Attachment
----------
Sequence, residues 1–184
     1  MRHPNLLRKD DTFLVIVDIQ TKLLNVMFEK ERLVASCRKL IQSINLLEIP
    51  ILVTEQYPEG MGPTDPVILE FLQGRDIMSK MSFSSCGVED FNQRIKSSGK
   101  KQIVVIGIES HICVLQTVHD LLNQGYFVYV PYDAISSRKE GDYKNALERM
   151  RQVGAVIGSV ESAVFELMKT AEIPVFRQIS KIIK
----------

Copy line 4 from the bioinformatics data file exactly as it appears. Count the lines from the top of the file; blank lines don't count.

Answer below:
   101  KQIVVIGIES HICVLQTVHD LLNQGYFVYV PYDAISSRKE GDYKNALERM